In an example of life imitating art, Secretary of State for Transport Patrick McLoughlin today said that roads need to be made safe for cyclists, but that cyclists need to behave better.
At the Conservative Party Conference McLoughlin also confirmed £170million would be spent on new road schemes – but didn’t say motorists should behave in return.
McLoughlin’s words were spookily reminiscent of a spoof article we ran last month, detailing how motorists would only receive further funding if they behave on the road.
McLoughlin said today: "This was the summer that Britain got cycling. The number of people cycling is soaring, but the number of accidents has gone up too. We’ve got to change that.
"We’ve got to build safety into our roads for everyone that means better design and better education too because this isn’t just about getting motorists to take care, it is also about getting cyclists to do their bit too."
Interestingly, McLoughlin went on to pay tribute to ‘big transport projects’ that are sometimes controversial initially, but once built become popular and hugely beneficial to the country.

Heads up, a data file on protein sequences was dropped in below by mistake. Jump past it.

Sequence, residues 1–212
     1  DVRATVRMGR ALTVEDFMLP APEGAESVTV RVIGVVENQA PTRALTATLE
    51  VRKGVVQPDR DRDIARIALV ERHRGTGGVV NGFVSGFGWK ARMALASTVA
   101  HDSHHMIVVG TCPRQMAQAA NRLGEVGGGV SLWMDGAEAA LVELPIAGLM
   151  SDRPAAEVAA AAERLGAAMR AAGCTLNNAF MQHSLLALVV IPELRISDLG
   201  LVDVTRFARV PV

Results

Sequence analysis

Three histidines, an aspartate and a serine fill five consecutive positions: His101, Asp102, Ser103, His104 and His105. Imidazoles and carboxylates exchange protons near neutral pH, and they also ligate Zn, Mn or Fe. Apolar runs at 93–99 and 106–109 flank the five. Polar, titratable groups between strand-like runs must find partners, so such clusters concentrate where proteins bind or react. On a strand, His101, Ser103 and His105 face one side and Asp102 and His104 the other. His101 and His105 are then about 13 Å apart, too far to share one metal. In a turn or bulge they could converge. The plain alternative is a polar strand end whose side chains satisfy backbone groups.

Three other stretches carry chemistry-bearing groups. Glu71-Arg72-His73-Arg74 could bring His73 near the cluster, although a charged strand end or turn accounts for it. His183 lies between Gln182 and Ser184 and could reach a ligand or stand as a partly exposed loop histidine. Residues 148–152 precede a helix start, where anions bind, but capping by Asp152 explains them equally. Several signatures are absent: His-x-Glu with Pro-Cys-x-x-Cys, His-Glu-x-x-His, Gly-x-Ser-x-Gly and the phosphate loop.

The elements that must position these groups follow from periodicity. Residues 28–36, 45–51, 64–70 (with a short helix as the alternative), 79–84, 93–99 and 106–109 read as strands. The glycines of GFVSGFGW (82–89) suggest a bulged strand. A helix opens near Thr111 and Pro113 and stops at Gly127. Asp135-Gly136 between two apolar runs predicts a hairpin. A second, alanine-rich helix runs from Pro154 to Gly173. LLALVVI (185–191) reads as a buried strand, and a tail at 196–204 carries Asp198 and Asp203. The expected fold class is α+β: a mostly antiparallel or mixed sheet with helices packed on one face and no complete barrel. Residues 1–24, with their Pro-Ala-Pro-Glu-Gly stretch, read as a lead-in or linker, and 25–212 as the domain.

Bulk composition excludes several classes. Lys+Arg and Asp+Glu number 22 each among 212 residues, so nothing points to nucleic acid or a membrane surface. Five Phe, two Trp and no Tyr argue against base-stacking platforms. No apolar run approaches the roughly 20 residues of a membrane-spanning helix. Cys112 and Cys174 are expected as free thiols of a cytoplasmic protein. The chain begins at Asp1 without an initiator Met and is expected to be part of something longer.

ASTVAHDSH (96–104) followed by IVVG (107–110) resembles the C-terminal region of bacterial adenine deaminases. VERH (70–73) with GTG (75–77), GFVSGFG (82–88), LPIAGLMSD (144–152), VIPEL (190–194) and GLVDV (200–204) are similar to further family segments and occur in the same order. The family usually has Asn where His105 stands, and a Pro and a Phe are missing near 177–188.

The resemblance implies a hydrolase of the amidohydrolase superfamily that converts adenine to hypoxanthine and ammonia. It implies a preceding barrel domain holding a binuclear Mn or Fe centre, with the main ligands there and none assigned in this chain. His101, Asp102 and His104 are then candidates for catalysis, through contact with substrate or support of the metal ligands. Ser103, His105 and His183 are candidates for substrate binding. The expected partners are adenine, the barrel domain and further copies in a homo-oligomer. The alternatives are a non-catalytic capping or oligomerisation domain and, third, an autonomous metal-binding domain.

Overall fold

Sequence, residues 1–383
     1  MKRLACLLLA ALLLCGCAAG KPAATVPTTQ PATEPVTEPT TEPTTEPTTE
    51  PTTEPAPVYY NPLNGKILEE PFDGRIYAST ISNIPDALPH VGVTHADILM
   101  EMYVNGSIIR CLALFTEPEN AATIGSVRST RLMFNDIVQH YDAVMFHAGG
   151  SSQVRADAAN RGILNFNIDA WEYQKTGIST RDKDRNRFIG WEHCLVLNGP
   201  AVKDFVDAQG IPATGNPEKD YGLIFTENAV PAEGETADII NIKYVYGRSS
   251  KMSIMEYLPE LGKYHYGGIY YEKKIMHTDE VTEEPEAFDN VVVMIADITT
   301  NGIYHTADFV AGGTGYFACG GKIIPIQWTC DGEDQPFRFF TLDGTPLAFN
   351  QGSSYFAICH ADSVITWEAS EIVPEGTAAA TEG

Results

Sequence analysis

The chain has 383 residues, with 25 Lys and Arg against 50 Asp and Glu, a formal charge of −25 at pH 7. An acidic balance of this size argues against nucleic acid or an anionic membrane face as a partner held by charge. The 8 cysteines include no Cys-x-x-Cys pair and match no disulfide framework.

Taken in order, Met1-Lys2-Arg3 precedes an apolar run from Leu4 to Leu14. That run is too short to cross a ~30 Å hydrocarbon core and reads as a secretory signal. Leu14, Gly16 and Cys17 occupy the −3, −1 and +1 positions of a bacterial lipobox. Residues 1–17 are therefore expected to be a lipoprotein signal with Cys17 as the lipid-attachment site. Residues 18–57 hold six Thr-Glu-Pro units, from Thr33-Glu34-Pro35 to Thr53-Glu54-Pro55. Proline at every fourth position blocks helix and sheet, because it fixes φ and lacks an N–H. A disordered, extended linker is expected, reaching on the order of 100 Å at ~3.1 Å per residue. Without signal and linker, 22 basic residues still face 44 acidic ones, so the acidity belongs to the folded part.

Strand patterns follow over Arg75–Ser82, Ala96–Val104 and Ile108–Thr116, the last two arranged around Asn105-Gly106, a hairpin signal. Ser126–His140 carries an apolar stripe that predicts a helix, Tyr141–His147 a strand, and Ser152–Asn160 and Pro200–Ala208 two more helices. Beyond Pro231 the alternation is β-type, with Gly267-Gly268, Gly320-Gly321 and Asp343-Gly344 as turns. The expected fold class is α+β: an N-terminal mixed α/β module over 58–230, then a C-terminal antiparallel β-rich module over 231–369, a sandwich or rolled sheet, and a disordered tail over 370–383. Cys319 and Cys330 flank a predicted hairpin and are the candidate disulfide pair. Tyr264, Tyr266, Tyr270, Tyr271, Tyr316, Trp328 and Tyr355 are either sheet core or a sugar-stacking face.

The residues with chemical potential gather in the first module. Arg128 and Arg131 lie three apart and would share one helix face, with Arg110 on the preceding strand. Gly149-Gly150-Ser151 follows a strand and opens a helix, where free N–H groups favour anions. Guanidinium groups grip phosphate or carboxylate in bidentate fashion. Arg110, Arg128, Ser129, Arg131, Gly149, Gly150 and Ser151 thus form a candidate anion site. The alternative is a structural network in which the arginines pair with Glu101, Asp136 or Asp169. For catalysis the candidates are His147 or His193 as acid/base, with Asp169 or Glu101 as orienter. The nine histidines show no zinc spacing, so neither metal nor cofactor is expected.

Referring to the HS2 railway project, he said: "Our competitors around the world are investing in transport and we must too. No big infrastructure project is done without controversy, but once they are built people rely on them.
"It’s no good creating good [transport] systems, if people can’t afford to use them.
"We need better roads too, to keep car, trucks and buses moving. Let’s face it, we’ve underinvested as a country for years. There is too much congestion. Not enough new schemes. It’s madness and we’re going to get it sorted out.
"You can’t just click your fingers to solve it [congestion]. You need to think big and hold your nerve for decades."
Like the Dutch did in the 1970s when they set about making their roads safer for cyclists? (More here).
McLoughlin’s speech in full can be heard at the Spectator.